Sainsbury’s sees continued struggles as sales fall

The grocer is set to report profit loss for first time in a decade. Picture: Toby Williams
The grocer is set to report profit loss for first time in a decade. Picture: Toby Williams
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SAINSBURY’S has reported its fifth consecutive quarter of falling sales and said it expects trading conditions in the grocery sector to remain challenging “for the foreseeable future”.

The grocer, which has been expanding its estate of convenience stores, is forecast to report its first drop in annual profits for a decade as it cuts prices in response to pressure from discount rivals Aldi and Lidl.

Food deflation is likely to persist for the rest of this year

Mike Coupe, chief executive

Chief executive Mike Coupe warned yesterday that there were no immediate signs of a let-up in the price squeeze facing the sector, which has also hit fellow “big four” chains Tesco, Asda and Morrisons.

“We expect the market to remain challenging for the foreseeable future,” Coupe said.

“Food deflation is likely to persist for the rest of this calendar year, and competitive pressures on price will continue.”

Like-for-like sales at Sainsbury’s, which has 597 supermarkets, fell 1.9 per cent in the ten weeks to 14 March.

This was a steeper decline than the 1.7 per cent reported for the previous quarter.

The UK’s third-largest grocery chain opened 23 convenience stores during the quarter, taking its total number of small-format outlets to 707.

Smaller rival Morrisons, a late entrant to the convenience sector, has 153 M Local branches and last week said it would be closing 23 in the coming year while slowing the pace of openings “significantly”.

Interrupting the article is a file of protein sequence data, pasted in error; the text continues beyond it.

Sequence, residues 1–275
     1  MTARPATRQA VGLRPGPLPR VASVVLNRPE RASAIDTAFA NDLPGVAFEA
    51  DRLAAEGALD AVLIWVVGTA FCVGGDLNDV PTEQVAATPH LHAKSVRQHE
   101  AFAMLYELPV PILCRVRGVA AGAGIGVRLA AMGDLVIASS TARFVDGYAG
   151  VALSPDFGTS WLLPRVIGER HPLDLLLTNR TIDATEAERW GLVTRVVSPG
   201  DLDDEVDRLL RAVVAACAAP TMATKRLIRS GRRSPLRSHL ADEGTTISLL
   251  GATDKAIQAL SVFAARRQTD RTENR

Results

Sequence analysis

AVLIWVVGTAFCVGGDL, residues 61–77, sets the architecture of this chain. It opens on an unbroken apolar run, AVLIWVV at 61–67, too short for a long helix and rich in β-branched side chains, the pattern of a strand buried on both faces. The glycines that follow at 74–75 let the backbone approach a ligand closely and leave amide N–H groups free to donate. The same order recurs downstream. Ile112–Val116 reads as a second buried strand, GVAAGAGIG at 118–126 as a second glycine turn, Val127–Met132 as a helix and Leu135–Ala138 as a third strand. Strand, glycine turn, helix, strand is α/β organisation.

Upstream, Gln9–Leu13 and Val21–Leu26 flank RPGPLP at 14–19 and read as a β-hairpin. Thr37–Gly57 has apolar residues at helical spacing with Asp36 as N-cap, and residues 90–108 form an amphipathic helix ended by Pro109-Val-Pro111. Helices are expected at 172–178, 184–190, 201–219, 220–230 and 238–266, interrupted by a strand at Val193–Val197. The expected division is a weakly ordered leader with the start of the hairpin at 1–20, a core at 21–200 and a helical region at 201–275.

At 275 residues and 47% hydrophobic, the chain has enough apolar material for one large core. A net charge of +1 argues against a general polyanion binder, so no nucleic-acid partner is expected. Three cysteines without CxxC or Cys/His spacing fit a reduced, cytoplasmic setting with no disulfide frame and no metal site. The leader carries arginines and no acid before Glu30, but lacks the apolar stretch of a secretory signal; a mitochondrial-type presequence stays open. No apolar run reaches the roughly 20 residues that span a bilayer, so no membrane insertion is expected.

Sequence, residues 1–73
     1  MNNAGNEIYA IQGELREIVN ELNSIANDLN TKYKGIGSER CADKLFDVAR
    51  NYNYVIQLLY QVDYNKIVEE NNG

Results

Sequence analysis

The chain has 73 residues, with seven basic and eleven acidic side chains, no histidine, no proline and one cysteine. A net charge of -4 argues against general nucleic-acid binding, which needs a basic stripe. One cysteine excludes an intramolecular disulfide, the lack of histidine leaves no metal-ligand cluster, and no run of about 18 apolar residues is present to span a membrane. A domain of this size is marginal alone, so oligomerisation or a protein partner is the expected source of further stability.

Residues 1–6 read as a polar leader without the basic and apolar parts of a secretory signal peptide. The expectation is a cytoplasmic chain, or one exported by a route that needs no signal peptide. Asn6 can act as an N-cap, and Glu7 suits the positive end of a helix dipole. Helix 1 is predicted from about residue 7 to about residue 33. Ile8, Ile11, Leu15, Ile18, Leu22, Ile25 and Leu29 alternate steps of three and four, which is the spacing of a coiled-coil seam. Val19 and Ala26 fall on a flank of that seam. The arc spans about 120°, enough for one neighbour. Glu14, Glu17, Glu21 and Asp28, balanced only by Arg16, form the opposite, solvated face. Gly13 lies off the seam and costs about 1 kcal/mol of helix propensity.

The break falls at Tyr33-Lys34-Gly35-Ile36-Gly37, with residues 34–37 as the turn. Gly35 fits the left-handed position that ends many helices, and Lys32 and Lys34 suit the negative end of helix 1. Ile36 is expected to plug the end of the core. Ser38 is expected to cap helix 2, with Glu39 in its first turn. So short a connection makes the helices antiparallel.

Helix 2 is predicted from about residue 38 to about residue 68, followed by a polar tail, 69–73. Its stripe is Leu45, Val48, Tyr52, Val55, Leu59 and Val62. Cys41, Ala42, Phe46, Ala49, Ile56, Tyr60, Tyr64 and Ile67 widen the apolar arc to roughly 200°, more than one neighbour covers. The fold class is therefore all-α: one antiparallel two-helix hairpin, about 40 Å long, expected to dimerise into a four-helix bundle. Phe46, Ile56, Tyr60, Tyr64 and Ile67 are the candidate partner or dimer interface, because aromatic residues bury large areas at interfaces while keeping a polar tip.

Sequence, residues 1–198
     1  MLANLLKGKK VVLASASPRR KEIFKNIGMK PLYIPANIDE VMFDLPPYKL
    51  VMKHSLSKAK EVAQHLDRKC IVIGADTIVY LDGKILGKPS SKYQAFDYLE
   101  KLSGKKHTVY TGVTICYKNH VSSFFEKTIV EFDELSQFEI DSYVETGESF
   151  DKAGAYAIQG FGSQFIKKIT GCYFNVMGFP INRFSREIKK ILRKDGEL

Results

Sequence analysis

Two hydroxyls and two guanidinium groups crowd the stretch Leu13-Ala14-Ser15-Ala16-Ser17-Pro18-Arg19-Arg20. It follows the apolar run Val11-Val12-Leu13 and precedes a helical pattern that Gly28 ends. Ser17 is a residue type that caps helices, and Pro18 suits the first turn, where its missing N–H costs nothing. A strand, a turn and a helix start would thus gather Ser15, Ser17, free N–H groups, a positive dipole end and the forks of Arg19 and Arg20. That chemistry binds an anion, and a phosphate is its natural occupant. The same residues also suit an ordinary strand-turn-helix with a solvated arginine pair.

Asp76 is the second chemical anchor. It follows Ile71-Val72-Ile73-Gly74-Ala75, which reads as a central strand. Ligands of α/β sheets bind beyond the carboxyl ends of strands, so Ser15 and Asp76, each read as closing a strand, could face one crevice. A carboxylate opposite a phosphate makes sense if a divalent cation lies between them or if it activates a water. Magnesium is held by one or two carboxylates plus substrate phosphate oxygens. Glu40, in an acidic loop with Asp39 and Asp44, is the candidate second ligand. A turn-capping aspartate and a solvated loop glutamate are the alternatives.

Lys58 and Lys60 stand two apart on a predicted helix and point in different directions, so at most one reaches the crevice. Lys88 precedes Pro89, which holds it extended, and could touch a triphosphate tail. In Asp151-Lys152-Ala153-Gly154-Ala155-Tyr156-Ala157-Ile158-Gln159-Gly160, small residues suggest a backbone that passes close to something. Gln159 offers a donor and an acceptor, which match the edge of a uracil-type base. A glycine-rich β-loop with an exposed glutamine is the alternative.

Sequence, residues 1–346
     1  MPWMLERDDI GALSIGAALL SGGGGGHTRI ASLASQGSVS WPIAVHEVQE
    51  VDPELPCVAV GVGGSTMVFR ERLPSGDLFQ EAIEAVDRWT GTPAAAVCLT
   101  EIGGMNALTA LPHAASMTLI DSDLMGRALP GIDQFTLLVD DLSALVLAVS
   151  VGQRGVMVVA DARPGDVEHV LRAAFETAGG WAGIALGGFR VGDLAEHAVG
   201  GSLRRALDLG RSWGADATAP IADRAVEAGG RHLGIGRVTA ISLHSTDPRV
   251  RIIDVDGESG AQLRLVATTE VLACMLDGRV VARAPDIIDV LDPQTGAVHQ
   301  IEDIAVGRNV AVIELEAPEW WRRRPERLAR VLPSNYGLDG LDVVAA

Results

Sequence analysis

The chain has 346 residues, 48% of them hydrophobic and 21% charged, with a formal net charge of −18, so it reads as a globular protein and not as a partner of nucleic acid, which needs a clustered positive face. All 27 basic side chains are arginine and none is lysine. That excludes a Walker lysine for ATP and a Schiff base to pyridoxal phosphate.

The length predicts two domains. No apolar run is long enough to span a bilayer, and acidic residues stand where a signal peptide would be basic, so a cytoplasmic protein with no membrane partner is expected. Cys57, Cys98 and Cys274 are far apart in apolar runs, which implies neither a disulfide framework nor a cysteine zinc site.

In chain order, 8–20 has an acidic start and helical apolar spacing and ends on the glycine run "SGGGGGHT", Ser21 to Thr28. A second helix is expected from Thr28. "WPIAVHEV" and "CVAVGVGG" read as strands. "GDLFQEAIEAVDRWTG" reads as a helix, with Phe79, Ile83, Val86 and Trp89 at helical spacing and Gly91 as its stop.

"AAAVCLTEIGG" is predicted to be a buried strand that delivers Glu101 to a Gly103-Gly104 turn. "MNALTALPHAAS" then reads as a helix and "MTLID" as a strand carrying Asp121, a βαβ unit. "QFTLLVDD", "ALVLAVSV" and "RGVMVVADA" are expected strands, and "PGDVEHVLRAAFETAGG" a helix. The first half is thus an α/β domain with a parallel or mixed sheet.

Nicla Di Palma, retail analyst at Brewin Dolphin said: “We believe Sainsbury’s is better placed than competitors to weather the difficult conditions in the food retail sector. Nonetheless, it is obviously facing the same issues and we see profitability coming down significantly both this year and next.”

In May, Coupe will announce the first set of full-year figures for Sainsbury’s since he succeeded previous boss Justin King, who stepped down in July following a successful decade in charge of the supermarket.

The results are expected to show the first fall in profits after nine years of growth, with City analysts predicting a 17 per cent decline to £659 million.

Yesterday’s trading update came a week after industry figures from researcher Kantar Worldpanel showed sales at Sainsbury’s dipped 0.5 per cent in the 12 weeks to 1 March, but troubled market leader Tesco enjoyed its strongest performance in 18 months with sales up 1.1 per cent on a year earlier.

In comparison, takings at Aldi surged 19.3 per cent, while Lidl’s sales grew 13.6 per cent.

In a bid to fight off the challenge from the German duo, Sainsbury’s announced in November that it would be ploughing £150m into price cuts, and Coupe said: “We have seen volume growth across the food business and an average uplift of over 3 per cent on the 1,100 products where we have made price reductions.”


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